Exercise, a Key Element to Robust Immune System
Researchers have repeatedly found that regular exercise improves health and immunity. They see reduced risk of cardiovascular, respiratory, and digestive problems, vision conditions, weight management issues, hormonal imbalances, and those who get regular moderate exercise have stronger immune system. Depending on our personal likes and dislikes, this exercise can be moderate or intense, but regular modest exercise has been shown again and again to have a beneficial effect on the immune system.
The balance between duration and intensity of such exercise is a factor in the resulting effect on the immune system. “Exercise has a profound effect on the normal functioning of the immune system. It is generally accepted that prolonged periods of intensive exercise training can depress immunity, while regular moderate intensity exercise is beneficial.”1
How much exercise?
Moderate exercise – for example, a daily brisk 20-30 minute walk, dancing, aerobics, yoga that gets your heart pumping a bit – anything that gets your heart rate up. This means that you achieve 55% to 85% of your maximum heart rate (MHR) for at least 20 to 30 minutes.
You can calculate MHR as 220 minus your age to be the upper limit and you want 55-85% of that number.
For example a 60 year old’s MHR would be 160; 55% of 160 is 88 and 85% of 160 is 136. So a 60 year-old’s target would be 88 to 136 beats per minute. A 40 year-old’s target would be 99 to 153 beats per minute. The talk test is an easy way to judge your HR. If you can talk but can’t sing you are getting moderate exercise; if you can’t talk you are getting too much exercise; and if you can sing while you exercise you are not doing it briskly enough.2
Exercise and your immune system
Moderate-intensity exercise is considered “immuno-enhancing,” and may result from lowered inflammation, immune cell integrity, the ability of the immune system to look for and recognize unfriendly visitors, and relief of psychological stress.3 This immuno-enhancing exercise also effectively improves vaccine responses in otherwise at-risk patients.4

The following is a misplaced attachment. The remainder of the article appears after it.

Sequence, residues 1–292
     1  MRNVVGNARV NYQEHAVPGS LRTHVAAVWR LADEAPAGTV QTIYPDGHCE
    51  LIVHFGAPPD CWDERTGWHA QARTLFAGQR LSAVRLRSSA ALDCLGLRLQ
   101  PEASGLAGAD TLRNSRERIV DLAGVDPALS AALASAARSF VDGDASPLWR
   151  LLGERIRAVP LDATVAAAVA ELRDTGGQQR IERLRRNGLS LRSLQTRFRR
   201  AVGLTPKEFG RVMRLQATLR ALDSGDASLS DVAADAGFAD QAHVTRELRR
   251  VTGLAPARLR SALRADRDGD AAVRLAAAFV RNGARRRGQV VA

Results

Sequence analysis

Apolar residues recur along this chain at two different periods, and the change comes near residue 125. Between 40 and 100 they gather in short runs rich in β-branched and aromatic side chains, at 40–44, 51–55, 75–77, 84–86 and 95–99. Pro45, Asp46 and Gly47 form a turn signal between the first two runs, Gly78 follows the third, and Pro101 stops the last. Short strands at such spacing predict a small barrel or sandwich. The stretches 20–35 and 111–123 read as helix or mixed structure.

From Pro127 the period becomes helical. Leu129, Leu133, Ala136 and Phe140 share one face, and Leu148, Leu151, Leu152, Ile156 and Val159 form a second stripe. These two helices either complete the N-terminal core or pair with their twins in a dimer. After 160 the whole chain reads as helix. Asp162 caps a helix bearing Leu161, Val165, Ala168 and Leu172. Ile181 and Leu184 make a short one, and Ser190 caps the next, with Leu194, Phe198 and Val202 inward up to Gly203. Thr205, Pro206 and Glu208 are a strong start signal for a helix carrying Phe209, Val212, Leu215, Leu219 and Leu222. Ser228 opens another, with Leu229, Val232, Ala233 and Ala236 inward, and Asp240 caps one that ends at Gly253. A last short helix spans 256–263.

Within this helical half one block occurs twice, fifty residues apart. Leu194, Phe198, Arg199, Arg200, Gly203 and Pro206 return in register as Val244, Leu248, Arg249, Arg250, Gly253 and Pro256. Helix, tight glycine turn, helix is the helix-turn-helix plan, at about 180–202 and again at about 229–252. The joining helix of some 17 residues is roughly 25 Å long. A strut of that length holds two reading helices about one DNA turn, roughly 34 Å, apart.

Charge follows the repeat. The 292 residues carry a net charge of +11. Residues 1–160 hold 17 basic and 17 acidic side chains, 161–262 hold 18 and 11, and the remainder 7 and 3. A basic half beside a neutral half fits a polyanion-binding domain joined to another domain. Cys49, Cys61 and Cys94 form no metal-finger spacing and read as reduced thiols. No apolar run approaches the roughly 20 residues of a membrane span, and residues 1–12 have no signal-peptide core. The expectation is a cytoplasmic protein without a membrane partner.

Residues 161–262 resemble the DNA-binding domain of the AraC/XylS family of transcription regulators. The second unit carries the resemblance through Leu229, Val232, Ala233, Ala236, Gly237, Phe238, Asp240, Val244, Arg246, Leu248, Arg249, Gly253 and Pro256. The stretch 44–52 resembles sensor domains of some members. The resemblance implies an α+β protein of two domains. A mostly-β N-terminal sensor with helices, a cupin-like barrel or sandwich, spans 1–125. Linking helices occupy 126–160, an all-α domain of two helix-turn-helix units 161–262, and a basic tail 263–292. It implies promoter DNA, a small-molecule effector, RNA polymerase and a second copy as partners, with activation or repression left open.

This is not so true of isolated single instances of moderate exercise. In fact isolated bouts of vigorous exercise have a detrimental effect on immunity, while regular, frequent exercise delays aging of the immune system.5
There has not been a lot of research about exercise and viruses. In patients with human immunodeficiency virus (HIV) routine physical activity is helpful.6 Patients with herpes-type immunodeficiency, and their response to vaccination, also may benefit from regular exercise.7
While we’re confined to our home during the 2020 COVID-19 pandemic it’s tempting to enjoy snacks and all those great movies we’ve missed. However, exercise is even more essential now. It is the regular, every day, moderate exercise such as a good, brisk walk, or even a lot jog (not a strenuous run) that stimulates our immune system, cardiovascular system, respiratory system, and actually, every other part of your body including visual system and the brain.
So get outside, or if you can’t go outside, perform exercise inside your home: dance, do yoga, martial arts, pilates, or anything else that gets your heart rate up to that 55-85% of your MHR. If you have internet access there is a huge variety of workout routines online which you can vary to protect yourself from boredom, and if you don’t have internet access, then dance!
- Simpson RJ, Kunz H, Agha N, Graff R. (2015). Exercise and the Regulation of Immune Functions. Prog Mol Biol Transl Sci. 2015;135:355-80. ↩
- www.cardiosmart.org ↩
- Ibid. Simpson. (2015). ↩
- Ibid. Simpson. (2015). ↩
- Campbell JP, Turner JE. (2018). Debunking the Myth of Exercise-Induced Immune Suppression: Redefining the Impact of Exercise on Immunological Health Across the Lifespan. Front Immunol. Apr 16;9:648. ↩
- Jaggers JR. (2018). Exercise and Positive Living in Human Immunodeficiency Virus/AIDS. Nurs Clin North Am. Mar;53(1):1-11. ↩
- Simpson RJ, Bigley AB, Spielmann G, LaVoy EC, Kunz H, Bollard CM. (2016). Human cytomegalovirus infection and the immune response to exercise. Exerc Immunol Rev. 2016;22:8-27. ↩